Phil Mickelson opens with a 70 in bid for third straight PGA Tour Champions win, though he'd still rather be elsewhere
The direction Phil Mickelson’s career will turn, like so many of his tee shots through the years, is anyone’s guess, and the first round of the Cologuard Classic on Friday provided no clarification.
Mickelson, 50, began his bid to become the first to win his first three starts on the PGA Tour Champions with a three-under-par 70 at Omni Tucson National. He is four shots behind leader Mike Weir and tied for ninth.
The PGA Tour still is his preference, though his lack of success in recent months has had him questioning whether he now can talk a better game than he can play.
Yes, broadcasting is on his radar, but in the meantime he is looking for guidance from his golf game to help to plot his future as a player, whether to increase his senior schedule at the expense of PGA Tour aspirations to which he clings.
His opening gambit was a decent round that foretold little about the state of his game. He hit a tee shot out of bounds on the 13th hole, leading to a double bogey. That and a three-putt bogey on the 11th hole were the only scorecard blemishes.
“I got a little heated out there because I was letting a lot of scoring opportunities slide,” he said. “After driving it well and having flip L-wedges into four or five holes and not only did I not make a birdie, I played them over par. I was kind of losing it. Fortunately, I made some birdies on the par 5s to kind of salvage the round.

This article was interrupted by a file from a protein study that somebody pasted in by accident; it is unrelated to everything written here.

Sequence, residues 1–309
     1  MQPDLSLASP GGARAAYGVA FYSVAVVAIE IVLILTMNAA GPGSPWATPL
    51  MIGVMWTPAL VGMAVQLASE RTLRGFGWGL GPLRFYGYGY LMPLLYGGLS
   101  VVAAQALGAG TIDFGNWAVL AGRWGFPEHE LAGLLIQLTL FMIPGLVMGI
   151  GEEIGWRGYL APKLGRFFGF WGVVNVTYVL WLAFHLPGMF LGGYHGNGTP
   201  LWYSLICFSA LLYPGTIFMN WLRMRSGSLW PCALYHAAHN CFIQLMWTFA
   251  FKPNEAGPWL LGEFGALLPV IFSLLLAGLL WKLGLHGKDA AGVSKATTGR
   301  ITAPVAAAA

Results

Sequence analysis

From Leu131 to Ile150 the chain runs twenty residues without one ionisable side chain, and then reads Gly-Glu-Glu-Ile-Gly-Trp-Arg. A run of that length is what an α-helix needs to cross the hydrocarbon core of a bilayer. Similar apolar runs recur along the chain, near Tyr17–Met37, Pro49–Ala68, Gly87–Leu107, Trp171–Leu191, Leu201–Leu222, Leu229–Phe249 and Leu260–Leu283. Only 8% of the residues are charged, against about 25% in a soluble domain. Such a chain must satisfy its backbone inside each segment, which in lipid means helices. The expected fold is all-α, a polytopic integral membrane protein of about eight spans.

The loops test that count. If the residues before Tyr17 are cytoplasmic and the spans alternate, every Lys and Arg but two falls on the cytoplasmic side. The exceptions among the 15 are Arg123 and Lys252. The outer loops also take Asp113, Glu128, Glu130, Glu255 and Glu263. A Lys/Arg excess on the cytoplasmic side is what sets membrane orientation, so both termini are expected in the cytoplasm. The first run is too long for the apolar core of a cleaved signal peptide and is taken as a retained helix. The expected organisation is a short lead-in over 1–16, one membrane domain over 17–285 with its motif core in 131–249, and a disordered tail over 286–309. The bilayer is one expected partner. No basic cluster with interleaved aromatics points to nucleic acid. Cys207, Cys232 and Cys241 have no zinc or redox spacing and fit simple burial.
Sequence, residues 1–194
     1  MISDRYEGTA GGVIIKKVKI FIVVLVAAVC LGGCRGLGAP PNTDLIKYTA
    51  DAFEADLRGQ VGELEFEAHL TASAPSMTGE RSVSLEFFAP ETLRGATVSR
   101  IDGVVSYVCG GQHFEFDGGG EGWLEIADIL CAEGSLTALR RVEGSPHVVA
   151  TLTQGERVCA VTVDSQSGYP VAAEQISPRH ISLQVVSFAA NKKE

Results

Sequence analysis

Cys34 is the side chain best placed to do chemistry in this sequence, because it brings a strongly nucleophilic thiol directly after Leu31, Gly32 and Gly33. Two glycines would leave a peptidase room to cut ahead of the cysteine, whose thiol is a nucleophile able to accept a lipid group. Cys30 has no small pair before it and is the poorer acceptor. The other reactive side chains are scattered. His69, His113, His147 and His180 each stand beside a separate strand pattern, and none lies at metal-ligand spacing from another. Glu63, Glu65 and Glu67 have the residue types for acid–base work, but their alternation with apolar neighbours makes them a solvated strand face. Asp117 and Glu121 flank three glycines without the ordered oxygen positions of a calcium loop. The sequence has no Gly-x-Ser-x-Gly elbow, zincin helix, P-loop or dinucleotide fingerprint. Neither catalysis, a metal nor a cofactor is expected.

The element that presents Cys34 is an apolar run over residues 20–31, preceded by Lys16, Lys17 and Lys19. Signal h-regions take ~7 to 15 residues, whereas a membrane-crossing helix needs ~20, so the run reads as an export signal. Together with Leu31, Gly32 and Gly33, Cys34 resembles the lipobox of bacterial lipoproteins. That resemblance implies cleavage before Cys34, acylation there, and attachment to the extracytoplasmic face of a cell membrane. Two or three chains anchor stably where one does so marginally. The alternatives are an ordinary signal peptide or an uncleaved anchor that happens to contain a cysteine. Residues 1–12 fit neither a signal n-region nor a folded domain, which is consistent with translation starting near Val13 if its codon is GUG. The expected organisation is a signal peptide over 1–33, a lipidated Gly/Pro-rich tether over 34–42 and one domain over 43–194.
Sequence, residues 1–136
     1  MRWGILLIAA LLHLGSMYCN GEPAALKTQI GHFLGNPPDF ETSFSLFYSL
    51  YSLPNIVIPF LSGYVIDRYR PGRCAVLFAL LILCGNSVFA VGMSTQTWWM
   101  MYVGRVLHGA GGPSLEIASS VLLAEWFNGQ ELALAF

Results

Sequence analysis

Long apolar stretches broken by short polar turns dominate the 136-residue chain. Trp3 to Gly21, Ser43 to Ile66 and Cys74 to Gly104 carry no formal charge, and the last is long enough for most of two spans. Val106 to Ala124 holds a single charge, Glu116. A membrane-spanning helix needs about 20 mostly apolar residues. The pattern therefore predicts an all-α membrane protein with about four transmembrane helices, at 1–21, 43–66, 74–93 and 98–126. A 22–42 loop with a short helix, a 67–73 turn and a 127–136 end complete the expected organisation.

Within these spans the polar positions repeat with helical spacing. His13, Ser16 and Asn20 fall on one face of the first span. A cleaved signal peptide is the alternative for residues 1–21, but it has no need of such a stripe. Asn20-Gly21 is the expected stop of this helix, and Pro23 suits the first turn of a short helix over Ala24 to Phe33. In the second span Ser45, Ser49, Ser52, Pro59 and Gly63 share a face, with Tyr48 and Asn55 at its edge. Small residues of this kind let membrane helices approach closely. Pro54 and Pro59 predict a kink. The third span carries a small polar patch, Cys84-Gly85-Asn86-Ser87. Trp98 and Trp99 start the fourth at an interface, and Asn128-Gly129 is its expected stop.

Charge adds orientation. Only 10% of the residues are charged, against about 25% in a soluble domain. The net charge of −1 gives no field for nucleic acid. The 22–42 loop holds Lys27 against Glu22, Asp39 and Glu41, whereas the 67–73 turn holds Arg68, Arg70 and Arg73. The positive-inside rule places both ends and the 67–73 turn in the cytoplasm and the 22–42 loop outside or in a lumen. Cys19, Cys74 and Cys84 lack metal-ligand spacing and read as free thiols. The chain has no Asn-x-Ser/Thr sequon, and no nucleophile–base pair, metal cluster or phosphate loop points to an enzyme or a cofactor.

“But I’ve got some work to do to get those short irons close. If I can do that, I can make a lot of birdies here, but this was not the day. I did not score very well today. I’ve got to get after it because these guys are making a lot of birdies and I’ve got to try to pass them.”
However it plays out for Mickelson on the weekend, even were he to win, will be no barometer by which to gauge his game in the context of the PGA Tour. Indeed, in eight PGA Tour starts in this 2020-21 wrap-around season, he has missed the cut in four and finished no better than a tie for 44th in the other four. And in one European Tour start, at the Saudi International, he tied for 53rd.
Looking ahead, he intends to play the Players Championship, the Honda Classic, possibly the Valero Texas Open and the Masters, and has made no mention of senior starts on his schedule.
“I want to start playing on the regular tour with a little bit less stress,” he said in advance of the Cologuard Classic. “I’ve been really hard on myself when I make some mistakes and I’ve got to kind of ease up and play a little bit more free and a little bit lighter. If I can do that, I think I can shoot some pretty good scores out there.
“When I go out and play at home, I’m playing well enough and shooting the scores to play and compete. When I get on [the PGA] Tour, I’m playing a little bit tight, which is not normal for me. So I’ve got to work on that.”
What Tucson offers are positive memories on which he hopes to lean in bolstering his optimism. It was there, in the Northern Telecom Open in 1991, that Mickelson, still an amateur, recorded the first of his 44 PGA Tour victories. He also won the tournament in 1995 and ’96.